Consequently, the majority concluded that a connection to human dignity is not an insurmountable argument precluding the extension of the protection afforded by section 12 of the Charter to a legal person or an organization. The Court of Appeal indicated that legal persons are juridical instruments made available to natural persons for legitimate purposes; thus, a cruel and unusual treatment or punishment targeting a legal person could directly affect the natural persons connected to it. The majority also relied on a textual argument to support its position. Section 8 of the Charter, which protects against unreasonable search or seizure, applies to “everyone,” just as section 12 does, and it is well established that section 8 of the Charter applies to legal persons. Lastly, the majority developed a public interest argument, as follows: It cannot be in the interests of Canadian society to have fines imposed on legal persons that are so grossly disproportionate that they are liable to cause the bankruptcy or jeopardize the activities of those legal persons. Nonetheless, the majority did not go as far as to say that a fine resulting in such consequences would necessarily constitute cruel and unusual treatment.7

Impact of the Judgment

From now on, corporations and organizations that have a mandatory minimum fine or probation order imposed on them will be able to avail themselves of the recent pronouncements of the Court of Appeal to challenge the constitutionality of their sentence. That being said, it is important to remember that the Court of Appeal was careful not to relax the criteria for assessing the cruel and unusual nature of a sentence – criteria that will be met only in exceptional circumstances when applied to fines and probation orders imposed on legal persons.8 The position adopted by the majority of the Court of Appeal forms part of the gradual broadening of the scope of section 12 of the Charter, which reflects the evolution of Canadian penology and its distancing from corporal and physical punishment. But above all, it seeks to make the distinction between natural persons and legal persons obsolete as regards the application of the fundamental rights afforded to them. Moreover, where the violation of a legal person’s fundamental rights is raised as an argument, it opens the door to considering the harm suffered by the natural persons connected to the legal person. Consequently, the pronouncements in this judgment may also have a significant impact on the conditions for applying the principles in Jordan/Cody to legal persons.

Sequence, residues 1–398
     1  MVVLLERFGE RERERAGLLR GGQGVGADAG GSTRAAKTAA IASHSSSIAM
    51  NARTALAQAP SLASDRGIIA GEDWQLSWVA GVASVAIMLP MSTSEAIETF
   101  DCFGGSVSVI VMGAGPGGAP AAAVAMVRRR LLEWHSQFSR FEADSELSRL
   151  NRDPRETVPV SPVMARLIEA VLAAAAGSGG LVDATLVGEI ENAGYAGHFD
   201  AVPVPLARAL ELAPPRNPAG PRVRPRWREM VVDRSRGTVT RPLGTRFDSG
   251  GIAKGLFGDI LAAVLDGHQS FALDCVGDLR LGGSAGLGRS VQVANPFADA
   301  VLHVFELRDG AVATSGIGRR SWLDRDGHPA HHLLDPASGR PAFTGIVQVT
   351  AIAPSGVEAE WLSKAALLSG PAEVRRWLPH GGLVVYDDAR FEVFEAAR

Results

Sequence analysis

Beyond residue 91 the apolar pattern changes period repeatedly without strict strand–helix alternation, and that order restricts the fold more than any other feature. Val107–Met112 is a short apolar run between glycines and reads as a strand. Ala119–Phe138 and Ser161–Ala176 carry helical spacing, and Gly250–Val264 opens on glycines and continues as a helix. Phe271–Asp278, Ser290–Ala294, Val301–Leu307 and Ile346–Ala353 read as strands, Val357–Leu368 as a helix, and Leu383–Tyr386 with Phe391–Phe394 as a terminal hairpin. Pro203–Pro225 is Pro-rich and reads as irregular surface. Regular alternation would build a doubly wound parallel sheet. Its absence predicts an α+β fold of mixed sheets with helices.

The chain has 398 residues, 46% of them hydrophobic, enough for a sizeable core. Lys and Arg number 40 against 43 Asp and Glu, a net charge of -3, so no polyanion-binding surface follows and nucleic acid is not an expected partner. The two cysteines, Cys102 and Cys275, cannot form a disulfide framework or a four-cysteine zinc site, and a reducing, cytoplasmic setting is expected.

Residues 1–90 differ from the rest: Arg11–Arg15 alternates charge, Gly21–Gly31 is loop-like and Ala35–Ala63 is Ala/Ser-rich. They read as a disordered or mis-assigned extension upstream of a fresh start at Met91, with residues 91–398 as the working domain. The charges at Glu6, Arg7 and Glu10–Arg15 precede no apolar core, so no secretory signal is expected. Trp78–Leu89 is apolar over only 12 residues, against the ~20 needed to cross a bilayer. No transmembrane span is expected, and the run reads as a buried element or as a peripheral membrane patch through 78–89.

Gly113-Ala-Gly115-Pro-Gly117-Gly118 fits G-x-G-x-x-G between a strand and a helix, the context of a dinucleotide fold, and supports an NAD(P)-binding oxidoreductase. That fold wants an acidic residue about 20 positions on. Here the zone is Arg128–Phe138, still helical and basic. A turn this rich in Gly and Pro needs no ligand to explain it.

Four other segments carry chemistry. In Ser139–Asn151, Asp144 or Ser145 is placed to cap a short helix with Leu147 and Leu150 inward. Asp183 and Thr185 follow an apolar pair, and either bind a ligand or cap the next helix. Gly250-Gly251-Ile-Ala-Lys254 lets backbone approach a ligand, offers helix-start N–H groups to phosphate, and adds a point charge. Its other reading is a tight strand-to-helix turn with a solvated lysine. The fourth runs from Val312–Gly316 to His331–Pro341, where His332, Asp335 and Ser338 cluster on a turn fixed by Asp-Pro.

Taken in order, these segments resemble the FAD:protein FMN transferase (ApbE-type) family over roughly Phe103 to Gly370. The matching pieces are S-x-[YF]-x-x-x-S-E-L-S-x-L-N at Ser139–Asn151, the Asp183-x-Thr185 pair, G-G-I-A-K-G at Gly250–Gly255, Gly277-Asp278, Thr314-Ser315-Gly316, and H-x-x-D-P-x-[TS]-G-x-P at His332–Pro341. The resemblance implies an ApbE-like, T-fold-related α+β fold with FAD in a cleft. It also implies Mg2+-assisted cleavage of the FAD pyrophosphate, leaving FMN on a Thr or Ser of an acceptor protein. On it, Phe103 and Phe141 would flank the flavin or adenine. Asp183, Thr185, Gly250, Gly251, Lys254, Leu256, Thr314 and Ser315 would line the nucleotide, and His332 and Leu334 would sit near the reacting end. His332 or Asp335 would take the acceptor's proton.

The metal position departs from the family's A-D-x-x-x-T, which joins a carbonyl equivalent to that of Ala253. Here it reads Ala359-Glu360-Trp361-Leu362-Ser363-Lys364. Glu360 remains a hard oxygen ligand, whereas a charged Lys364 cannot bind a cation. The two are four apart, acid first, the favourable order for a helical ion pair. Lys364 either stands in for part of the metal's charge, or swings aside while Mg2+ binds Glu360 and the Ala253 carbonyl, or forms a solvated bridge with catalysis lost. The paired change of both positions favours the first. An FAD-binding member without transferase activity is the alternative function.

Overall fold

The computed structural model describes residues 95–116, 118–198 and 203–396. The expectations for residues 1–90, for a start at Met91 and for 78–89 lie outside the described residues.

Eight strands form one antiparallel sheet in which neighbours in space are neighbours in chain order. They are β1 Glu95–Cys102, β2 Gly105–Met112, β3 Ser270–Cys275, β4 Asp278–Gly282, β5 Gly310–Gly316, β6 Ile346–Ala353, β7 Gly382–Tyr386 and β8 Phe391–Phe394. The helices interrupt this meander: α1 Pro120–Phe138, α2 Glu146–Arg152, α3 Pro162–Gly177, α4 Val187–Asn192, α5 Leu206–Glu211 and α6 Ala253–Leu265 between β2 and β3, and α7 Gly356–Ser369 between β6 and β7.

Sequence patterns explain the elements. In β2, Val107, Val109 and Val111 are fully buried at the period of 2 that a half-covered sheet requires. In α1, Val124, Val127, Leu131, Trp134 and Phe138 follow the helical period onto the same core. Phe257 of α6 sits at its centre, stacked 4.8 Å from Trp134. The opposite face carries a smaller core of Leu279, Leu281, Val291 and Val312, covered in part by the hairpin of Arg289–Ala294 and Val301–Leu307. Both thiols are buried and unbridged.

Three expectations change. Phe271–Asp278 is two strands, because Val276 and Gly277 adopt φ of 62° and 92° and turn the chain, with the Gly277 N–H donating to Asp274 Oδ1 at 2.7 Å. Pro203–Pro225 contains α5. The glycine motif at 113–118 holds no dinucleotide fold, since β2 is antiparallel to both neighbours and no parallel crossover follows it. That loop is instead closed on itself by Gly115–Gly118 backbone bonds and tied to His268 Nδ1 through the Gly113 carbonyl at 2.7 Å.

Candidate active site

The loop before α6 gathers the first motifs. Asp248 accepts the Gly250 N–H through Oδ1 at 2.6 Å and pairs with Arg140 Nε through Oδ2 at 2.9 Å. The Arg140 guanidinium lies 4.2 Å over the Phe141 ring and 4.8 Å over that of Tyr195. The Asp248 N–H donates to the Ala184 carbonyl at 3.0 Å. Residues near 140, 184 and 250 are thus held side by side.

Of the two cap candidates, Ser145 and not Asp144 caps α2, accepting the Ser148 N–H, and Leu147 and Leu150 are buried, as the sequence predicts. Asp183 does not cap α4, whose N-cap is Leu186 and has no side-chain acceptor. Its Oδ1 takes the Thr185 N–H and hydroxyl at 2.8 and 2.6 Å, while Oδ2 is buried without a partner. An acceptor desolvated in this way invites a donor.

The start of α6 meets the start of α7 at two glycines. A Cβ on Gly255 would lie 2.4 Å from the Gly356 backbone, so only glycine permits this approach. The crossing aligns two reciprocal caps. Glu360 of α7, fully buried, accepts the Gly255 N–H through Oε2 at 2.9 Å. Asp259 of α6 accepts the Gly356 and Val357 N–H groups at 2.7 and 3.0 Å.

1At para 88.
2R v Smith (Edward Dewey), [1987] 1 SCR 1045.
3R v Nur, 2015 SCC 15.
4R v Lloyd, 2016 SCC13.
5R v Boudreault, 2018 SCC 58 [Boudreault].
6At para 92, the majority also referred to the pronouncements of the Supreme Court in Boudreault, at paras 56 to 61, on the gross disproportionality of victim surcharges with respect to certain offenders.
7See paras 130 to 134.
8At para 92.